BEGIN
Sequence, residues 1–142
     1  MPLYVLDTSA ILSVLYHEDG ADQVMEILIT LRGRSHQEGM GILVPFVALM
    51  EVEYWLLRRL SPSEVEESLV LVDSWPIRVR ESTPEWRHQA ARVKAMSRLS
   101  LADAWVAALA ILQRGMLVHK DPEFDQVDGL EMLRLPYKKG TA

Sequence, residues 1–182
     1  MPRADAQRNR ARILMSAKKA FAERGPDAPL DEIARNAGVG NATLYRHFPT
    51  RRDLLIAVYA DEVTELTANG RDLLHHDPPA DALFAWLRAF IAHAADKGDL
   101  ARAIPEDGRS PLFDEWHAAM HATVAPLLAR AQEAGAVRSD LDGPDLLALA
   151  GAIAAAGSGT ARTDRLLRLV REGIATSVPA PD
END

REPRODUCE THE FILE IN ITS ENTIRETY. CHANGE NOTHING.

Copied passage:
Sequence, residues 1–142
     1  MPLYVLDTSA ILSVLYHEDG ADQVMEILIT LRGRSHQEGM GILVPFVALM
    51  EVEYWLLRRL SPSEVEESLV LVDSWPIRVR ESTPEWRHQA ARVKAMSRLS
   101  LADAWVAALA ILQRGMLVHK DPEFDQVDGL EMLRLPYKKG TA

Sequence, residues 1–182
     1  MPRADAQRNR ARILMSAKKA FAERGPDAPL DEIARNAGVG NATLYRHFPT
    51  RRDLLIAVYA DEVTELTANG RDLLHHDPPA DALFAWLRAF IAHAADKGDL
   101  ARAIPEDGRS PLFDEWHAAM HATVAPLLAR AQEAGAVRSD LDGPDLLALA
   151  GAIAAAGSGT ARTDRLLRLV REGIATSVPA PD